Sliding shutters lining the courtyards of the Letzihof residential complex not only protect against the sun and prying eyes when closed, but are also works of architectural art: the shutters are covered in fabric printed with pictures by artist Annelies Štrba.
Industrial, unconventional, contemporary – that was the goal set for the architectural competition leading to construction of the “Letzihof”, a new residential development located at the intersection of Zurich’s Letzigraben and Mühlezelgstrasse. The winning submission came from erp-Architekten, a firm of architects in Baden. It meets the brief perfectly: the building’s dimensions are reminiscent of an industrial facility, likewise the strip windows and dark metal paneling on the façades. Only at second glance do the differences grow apparent: some windows have loggias behind them, while the colored, extensible sun-blinds look typical of an apartment building. The 72 rental units have a strong industrial touch, too: large room spaces, high ceilings and cement floors predominate.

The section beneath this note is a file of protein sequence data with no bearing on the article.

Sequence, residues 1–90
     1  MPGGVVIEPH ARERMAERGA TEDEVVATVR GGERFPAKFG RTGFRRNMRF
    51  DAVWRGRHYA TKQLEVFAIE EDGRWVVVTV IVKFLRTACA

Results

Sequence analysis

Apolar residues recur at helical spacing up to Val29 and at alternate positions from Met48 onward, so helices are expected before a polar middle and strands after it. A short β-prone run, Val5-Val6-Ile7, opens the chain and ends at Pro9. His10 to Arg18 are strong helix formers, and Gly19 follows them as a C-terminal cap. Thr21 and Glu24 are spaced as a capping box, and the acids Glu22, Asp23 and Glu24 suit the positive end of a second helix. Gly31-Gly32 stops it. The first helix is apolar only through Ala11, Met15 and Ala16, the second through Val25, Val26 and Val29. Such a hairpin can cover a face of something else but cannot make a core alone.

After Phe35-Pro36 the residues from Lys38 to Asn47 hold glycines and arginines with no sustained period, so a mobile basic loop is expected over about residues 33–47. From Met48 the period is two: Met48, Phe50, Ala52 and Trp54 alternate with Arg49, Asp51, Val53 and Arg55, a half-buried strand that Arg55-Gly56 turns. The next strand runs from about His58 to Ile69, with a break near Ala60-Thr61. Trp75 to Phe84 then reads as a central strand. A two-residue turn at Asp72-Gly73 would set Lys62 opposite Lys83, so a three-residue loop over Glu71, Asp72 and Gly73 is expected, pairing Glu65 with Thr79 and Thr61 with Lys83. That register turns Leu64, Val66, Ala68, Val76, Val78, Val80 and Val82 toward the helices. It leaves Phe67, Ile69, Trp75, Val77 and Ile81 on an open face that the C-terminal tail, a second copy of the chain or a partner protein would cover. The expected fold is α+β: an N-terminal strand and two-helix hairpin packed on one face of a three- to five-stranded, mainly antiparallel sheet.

To admit adequate daylight, the architects stipulated three inner courtyards of 12 by 12 meters each. Staircases and pergolas on two sides of a courtyard lead to the apartments, while balconies line the other two sides. To shield from the sun as well as prying eyes, every balcony incorporates three sliding shutters with fabric covering. Each shutter panel measures 1.1 by 3.1 meters and moves thanks to a special solution for HAWA Frontslide hardware. Lightweight metal frames tension the fabric, which is printed with pictures by the artist Annelies Štrba. When slid together, the shutters lining the courtyard sides depict either a woman’s face or a meadow in bloom. Drawn apart, each colored sheet of fabric has its own individual artistic appeal. The overall result is a colorful visual composition that constantly shifts depending on the shutter placement, and one rendered particularly effective by the restraint of the courtyard construction materials.